All this comes together in the final piece of Cornwall Council’s place-shaping jigsaw. To oversee its population growth agenda and manage its £600 million spending spree, Cornwall Council is now ‘building a team that can bring development expertise from the commercial world to create the blueprint for a new way of living, working and thriving in Cornwall’. It’s seeking a Chair to establish a Cornwall Investment Delivery Company and oversee the spending of the £600 million that it intends to borrow. Job adverts are also out for a managing director and a commercial director as well as an unstated number of non-executive directors. No post specifies a salary, instead offering a ‘remuneration consistent with the challenge’. Revealingly, on the Local Government jobs site all are tagged £100,000+. So that’s probably one of the £600 million accounted for.
What’s the cunning plan? The job specs come littered with the usual, faintly ridiculous testosterone-fuelled hyperbole that these days regularly spews out from the Council’s bunker. Increasingly adrift from reality, the Lilliputians of Lys Kernow ludicrously picture themselves as fearsome colossuses of commerce. Their ‘game-changing plans’ will have an ‘extraordinary and transformative impact on Cornwall’s future’. Yet the real transformation is that of Cornwall Council, from an elected institution of governance funded out of taxation to a provider of services relying on profits and the market.
Unfortunately, the braggadocio deflates rapidly when it comes to the actual plan. The £600 million will be ‘invested in new housing and workspace’. It’s about building even more houses, providing workspace for the incoming residents and the familiar old flannel of ‘mixed-use regeneration schemes’. Ironically, only today it’s being reported that the houses built for the local market will have to be smaller, cheaper and tackier than intended.
In fact, there’s nothing new here at all. A continuing focus on the tried, tested and increasingly stale policy of population-led growth is masked by a scattered detritus of pompous and wordy discourse. Cornwall Council’s ambition turns out to be to become ‘one of the largest developers in the region’.
Its fundamental aim is exposed in its desire to ‘promote the benefits of Cornwall as a great place to live and work.’ This is the quintessential outsider view. Existing residents, native or otherwise, hardly need convincing of those benefits so, stripped of the windy rhetoric, the central aim lies nakedly exposed – attract more people to come and live in Cornwall. The Cornwall Investment Delivery Company, as its name implies, is just the final phase of the colonising project that’s become all too familiar and ever more transparent since the turn of the millennium.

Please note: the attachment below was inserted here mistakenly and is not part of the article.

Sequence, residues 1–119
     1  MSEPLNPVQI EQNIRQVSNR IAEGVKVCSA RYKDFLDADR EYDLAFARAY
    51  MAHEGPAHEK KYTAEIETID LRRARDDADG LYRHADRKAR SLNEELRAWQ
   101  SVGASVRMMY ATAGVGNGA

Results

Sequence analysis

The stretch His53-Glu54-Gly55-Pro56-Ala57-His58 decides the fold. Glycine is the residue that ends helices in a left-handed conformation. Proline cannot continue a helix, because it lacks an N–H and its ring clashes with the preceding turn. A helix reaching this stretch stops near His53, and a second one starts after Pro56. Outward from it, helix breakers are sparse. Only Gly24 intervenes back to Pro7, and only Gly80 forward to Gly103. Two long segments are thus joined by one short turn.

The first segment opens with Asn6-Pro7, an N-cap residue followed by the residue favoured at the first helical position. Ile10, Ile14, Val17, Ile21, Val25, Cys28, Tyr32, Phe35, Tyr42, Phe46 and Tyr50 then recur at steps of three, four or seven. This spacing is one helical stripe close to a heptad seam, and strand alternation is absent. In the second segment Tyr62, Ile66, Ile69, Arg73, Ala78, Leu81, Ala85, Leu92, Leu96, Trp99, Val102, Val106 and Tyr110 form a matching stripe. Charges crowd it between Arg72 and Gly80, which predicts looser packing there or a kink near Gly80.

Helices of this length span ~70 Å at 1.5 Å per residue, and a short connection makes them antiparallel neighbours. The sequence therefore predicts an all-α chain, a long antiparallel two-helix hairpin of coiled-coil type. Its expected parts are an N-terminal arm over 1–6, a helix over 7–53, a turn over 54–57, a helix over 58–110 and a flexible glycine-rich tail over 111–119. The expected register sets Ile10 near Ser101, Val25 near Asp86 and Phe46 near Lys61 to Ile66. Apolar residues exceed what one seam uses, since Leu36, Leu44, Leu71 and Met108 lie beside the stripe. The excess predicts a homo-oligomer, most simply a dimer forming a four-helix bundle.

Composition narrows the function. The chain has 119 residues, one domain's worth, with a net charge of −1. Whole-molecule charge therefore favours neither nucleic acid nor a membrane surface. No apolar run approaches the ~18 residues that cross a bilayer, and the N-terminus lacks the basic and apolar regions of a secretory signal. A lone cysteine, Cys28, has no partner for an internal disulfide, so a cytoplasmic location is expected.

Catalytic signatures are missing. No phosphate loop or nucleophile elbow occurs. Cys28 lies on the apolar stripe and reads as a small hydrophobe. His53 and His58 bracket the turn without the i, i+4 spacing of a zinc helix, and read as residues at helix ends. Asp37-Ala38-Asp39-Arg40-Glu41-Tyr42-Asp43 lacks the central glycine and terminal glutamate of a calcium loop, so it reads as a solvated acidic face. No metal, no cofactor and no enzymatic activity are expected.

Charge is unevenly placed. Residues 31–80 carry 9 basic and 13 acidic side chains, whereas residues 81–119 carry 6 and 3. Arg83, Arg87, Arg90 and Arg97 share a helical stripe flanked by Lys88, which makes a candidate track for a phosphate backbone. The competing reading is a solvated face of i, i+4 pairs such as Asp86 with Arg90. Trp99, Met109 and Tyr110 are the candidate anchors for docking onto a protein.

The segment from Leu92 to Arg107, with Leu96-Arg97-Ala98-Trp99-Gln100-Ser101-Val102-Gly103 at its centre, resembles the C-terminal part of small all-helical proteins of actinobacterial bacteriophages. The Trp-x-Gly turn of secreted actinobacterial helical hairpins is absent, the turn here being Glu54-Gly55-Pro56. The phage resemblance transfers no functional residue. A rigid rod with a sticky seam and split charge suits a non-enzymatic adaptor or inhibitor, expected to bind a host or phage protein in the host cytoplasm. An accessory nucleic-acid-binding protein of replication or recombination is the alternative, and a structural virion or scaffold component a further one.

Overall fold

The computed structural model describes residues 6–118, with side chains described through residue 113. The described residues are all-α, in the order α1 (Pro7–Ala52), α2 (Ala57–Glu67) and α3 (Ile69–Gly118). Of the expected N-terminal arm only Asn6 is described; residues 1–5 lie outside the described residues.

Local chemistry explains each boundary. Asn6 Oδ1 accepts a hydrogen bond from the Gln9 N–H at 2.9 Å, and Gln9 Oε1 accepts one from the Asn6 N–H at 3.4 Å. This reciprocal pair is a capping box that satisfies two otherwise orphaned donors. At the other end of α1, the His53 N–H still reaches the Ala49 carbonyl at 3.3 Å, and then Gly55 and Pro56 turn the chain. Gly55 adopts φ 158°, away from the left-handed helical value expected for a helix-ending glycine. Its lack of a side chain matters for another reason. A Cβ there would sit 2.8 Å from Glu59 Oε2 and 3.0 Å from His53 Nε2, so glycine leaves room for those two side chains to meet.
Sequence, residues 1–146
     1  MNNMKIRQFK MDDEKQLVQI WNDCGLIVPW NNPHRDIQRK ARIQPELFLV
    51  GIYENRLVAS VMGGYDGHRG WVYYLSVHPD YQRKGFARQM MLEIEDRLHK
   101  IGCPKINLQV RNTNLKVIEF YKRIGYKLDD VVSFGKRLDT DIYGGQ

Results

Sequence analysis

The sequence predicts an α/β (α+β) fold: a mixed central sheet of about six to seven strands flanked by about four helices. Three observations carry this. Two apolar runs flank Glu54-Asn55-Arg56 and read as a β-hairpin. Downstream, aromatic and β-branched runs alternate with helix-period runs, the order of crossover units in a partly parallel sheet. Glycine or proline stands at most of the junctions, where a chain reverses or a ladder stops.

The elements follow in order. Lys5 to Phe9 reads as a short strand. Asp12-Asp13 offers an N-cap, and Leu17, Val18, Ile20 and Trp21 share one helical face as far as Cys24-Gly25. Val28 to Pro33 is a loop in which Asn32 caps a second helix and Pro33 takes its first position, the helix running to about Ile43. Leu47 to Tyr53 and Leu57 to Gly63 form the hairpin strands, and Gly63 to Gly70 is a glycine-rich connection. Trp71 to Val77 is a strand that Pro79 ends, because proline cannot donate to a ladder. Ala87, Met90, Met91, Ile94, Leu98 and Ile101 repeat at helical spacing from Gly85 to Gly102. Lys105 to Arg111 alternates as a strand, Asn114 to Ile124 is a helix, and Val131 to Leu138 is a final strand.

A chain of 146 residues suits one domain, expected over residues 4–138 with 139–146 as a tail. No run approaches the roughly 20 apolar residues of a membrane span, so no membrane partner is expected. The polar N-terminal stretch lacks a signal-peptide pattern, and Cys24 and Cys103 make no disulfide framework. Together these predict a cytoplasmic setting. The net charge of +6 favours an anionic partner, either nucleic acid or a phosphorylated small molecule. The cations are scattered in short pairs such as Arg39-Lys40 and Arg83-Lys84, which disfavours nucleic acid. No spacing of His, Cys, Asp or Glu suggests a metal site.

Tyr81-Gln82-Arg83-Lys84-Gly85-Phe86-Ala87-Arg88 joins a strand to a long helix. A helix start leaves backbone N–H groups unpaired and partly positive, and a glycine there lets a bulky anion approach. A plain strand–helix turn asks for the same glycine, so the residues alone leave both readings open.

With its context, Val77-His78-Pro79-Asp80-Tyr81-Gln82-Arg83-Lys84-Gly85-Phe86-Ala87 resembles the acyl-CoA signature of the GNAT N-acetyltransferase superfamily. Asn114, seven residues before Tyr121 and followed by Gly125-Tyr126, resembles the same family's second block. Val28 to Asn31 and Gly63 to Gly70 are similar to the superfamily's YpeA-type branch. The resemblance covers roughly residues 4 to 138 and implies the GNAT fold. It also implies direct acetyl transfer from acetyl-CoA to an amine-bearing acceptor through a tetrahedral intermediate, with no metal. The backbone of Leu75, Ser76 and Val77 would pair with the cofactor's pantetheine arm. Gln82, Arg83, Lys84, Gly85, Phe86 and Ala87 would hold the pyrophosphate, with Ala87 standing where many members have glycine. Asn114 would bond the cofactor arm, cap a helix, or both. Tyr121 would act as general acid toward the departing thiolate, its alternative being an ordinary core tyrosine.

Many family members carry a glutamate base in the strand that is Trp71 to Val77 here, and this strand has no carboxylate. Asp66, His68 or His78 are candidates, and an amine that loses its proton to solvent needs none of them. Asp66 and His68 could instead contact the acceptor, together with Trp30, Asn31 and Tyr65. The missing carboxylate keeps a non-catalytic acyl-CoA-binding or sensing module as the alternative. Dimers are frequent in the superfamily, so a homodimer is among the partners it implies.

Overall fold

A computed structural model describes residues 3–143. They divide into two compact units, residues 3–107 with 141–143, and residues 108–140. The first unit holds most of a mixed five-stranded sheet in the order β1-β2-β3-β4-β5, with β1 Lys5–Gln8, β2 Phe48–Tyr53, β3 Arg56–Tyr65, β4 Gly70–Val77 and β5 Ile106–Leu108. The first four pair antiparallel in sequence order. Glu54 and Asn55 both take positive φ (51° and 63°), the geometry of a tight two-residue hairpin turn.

The process of attracting even more people to come to ‘live and work’ in Cornwall begins by appointing people to come and oversee the project. A Cornish connection is no specific advantage for applicants to the posts of managing director or commercial director. We’re also told that ‘whilst the Chair should have direct links with Cornwall or the South West, non-executives need not necessarily have local connections’. It’s just as important, if not more important, that they ‘bring a national [sic] network of contacts’ with them. Even the requirement of the Chair to have such connections dissolves further when we read in the job specification that ‘it may [my emphasis] be beneficial for applicants to have direct links to Cornwall and the South West’.
Lip service is paid to the need for the Chair to be ‘attuned to politics’, which presumably means working closely with the Council’s Cabinet and the LEP, and understanding the ‘uniqueness of Cornwall’, unlikely to go much further than being aware of the unique drag on the Cornish economy imposed by the tourist sector. But the main emphasis is on ‘strong private sector experience’. Applicants should possess a ‘strong development background, real commercial credentials and … entrepreneurial spirit … to spot opportunities, make markets and change the whole mindset about how we approach development in Cornwall’. Those with experience with housing developers, construction companies, property investment, with PFI and with ‘placemaking’ will be especially joyously welcomed. To sum up, the Council is handing over £600 million of public money to people with ‘strong private sector experience ideally from a development background’.
Incidentally, there’s no mention anywhere in this of the Council’s recent declaration of a climate emergency, the genuine ‘game-changer’ that threatens to blow a very large hole in its backward-looking growth agenda.
Righteous anger should be blazing across Cornish communities. We ought to be out in the streets in our thousands complaining about this ongoing coup and the colonisation of our land. Sadly, we’re not. Perhaps dreckly though.